The use of “high-intensity” telemedicine at senior living communities significantly reduces visits to emergency departments, according to research published Jan. 7 by Telemedicine and e-Health.

“Acute illness among senior living community residents often leads to emergency department visits,” said Manish Shah, M.D., M.P.H., associate professor of emergency medicine, public health sciences and medicine (geriatrics/aging) at the University of Rochester in New York. “We found that these virtual doctors’ visits reduced the rate of ED use by 18% over the course of a year.”

And that 18% reduction was conservative, added Shah, who also is associate chairman for research in the Department of Emergency Medicine. “We provided telemedicine services only during limited weekday hours,” he said. “So intervention group subjects would have to go to the ED for care during weekends and evenings, reducing the effect on the rate of ED use compared with an always-available telemedicine model.”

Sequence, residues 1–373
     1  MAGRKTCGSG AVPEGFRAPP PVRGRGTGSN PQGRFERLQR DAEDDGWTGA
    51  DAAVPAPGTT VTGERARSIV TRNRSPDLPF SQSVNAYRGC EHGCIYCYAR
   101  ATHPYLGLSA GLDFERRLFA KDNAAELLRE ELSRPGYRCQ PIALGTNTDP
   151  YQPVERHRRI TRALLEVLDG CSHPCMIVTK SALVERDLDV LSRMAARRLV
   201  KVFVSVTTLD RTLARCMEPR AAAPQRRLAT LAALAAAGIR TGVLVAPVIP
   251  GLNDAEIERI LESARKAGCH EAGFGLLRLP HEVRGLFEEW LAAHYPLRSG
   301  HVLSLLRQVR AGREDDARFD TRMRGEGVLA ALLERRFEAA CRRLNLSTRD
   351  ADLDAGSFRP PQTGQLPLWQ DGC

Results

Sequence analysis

Shah and his research team offered the option of high-intensity telemedicine to residents of six senior living communities in Rochester, NY. High intensity means that the telemedicine visits were assisted by a clinical technician at each resident’s side, using equipment found in an ED that allow physicians to perform detailed clinical exams.

Results in the intervention group were compared with those of 16 senior living communities that did not offer a telemedicine option. At the intervention sites, residents with acute illnesses were offered telephone consultations, outpatient visits, ED referrals or telemedicine consultations.

More than 1,200 residents were followed from May 2010 to November 2013. During that time, 479 patients in the intervention group were provided care 503 times for illnesses. In 465 cases (90%), all services were delivered via telemedicine — no further immediate care, such as ED visits, was necessary.